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Patriots: A Novel of Survival in the Coming Collapse Paperback – April 7, 2009
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it is written about a beautiful part of the country, the Northern Idaho area, loaded with good folks, game, fish and areas for good survival.
This was book is a hard read, long on details short on necessary facts and action, it is too detailed to the point where you just turn pages, scanning them trying to tied the details in with the Story..
Some of the stuff they mention in the book is almost exactly like what is going on now in America, so it surprises you sometimes. I read the other 2 just to get the whole story, which were just like "Patriots" with a different group of people each book. That is why you can read them out of order. He doesn't go into any detail of the other characters from the other books in the book you are reading. They are a fast read and wished I had just rented it from the local library.
However, there is a distinction between "story" and "book" that can't be ignored. As a story, Patriots has the sort of ensemble cast you'd expect from a movie, where every character has a history or skill set that makes him or her crucial to a successful outcome. Each challenge is met, albeit with sacrifice or tragedy sprinkled in with the increasingly greater victories. This not necessarily a bad thing, as it really illustrates that survival is a group effort and a struggle. Unfortunately, the story is frequently interrupted by entire chapters that alternate between technical manual and product catalog. While I don't doubt that a certain segment of readers will appreciate learning product names, specs and where to acquire them, the storyline loses momentum when Mr. Rawles chooses to dedicate more than a paragraph or two to these laundry lists. Make no mistake, there is useful information to be found if you're interested in self-sufficiency, survival or military content, but this is supposed to be a novel.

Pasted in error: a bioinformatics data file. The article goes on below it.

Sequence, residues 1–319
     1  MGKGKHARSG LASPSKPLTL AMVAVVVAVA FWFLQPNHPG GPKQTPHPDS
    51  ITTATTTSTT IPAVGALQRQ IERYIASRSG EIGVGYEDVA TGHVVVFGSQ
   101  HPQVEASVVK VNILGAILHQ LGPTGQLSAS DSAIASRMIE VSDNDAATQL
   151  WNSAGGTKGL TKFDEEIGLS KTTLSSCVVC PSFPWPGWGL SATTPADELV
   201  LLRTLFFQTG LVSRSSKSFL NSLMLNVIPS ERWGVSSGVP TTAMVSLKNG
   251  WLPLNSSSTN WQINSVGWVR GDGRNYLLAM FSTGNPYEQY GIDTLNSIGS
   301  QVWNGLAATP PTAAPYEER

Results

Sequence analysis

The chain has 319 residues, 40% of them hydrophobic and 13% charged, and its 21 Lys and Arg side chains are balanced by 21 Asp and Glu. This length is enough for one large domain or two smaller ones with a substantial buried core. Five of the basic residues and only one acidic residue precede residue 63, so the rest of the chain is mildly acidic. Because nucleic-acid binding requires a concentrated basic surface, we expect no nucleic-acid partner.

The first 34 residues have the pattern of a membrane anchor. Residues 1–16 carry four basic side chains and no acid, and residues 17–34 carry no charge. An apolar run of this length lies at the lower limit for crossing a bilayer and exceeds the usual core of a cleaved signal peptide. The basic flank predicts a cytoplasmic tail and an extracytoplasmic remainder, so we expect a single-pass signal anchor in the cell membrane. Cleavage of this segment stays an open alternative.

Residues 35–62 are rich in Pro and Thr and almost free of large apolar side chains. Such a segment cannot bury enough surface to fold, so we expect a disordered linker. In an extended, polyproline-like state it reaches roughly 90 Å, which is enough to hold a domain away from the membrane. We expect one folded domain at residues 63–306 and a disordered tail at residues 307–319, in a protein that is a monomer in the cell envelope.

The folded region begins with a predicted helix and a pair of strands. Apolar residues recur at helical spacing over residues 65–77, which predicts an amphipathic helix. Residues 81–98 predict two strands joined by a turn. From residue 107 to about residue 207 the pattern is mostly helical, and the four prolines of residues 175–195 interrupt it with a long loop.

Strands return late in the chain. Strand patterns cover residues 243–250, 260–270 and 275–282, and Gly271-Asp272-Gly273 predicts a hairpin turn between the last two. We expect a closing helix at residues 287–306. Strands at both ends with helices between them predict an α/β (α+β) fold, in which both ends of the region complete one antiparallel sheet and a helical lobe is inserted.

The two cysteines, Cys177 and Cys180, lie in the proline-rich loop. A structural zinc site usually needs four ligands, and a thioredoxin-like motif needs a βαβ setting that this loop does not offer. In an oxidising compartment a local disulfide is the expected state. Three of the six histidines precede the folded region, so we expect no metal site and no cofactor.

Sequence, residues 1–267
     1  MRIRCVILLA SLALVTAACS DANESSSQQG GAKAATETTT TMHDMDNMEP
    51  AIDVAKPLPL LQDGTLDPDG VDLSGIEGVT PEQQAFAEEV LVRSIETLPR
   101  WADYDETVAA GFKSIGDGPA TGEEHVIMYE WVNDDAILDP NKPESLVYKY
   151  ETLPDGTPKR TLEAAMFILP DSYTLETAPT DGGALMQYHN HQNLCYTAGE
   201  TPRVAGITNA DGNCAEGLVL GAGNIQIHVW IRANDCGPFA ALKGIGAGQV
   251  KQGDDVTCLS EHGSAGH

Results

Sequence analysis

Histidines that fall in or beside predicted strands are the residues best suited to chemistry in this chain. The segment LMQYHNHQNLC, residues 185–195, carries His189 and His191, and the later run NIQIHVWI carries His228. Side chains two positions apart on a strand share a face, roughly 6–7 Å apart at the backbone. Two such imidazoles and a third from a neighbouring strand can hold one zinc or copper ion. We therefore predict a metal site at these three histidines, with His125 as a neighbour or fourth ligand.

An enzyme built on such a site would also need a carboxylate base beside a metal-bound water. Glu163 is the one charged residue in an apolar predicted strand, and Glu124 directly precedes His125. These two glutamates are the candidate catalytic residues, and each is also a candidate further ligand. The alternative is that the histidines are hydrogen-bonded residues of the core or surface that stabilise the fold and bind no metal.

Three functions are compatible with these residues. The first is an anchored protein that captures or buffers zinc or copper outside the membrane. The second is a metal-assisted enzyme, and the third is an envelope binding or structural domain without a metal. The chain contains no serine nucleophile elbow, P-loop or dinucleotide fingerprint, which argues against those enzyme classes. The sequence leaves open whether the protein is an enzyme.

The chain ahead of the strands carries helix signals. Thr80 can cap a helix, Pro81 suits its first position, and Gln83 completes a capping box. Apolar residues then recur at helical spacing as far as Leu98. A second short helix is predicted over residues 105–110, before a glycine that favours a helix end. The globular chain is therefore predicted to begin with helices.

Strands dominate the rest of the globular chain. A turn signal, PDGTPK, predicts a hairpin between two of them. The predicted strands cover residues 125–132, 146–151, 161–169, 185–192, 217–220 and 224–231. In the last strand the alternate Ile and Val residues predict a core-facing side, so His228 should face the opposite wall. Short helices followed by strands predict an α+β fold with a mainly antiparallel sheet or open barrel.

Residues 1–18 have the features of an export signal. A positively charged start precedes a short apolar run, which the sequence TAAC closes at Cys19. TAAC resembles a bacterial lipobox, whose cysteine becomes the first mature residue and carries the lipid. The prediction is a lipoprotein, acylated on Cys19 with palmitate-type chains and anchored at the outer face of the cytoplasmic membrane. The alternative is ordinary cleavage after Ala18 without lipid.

I also noticed (as did other reviewers) that most of the characters seem to be almost universally well-off, college-educated conservative Christians. Were none of them slackers in school? Outspoken atheists? Gay? Addicts? Dare I say, average? That's where Patriots starts to get downright hard to believe, even before the action really starts.
Do I regret buying it, or taking the time to read it? No. It is, as I said, interesting up to a point. Whether or not you keep reading beyond that point will depend on what kind of book you are hoping it is, a novel or a manual.
Some of the politics in the novel are half-baked, such as the argument that the present Federal Government lacks the legal right to regulate firearms, and things of that nature. (I am a pro-Second Amendment guy and NRA member myself, by way of disclosure. But I am also a lawyer who knows the law in this area.) But all in all this is a readable novel with a legitimate point of view that many readers will enjoy reading more about, agree or disagree. One particularly interesting theme in the novel was how religion substituted for the rule of law in helping to maintain civility between people.
Enjoyable and interesting. Recommended. RJB.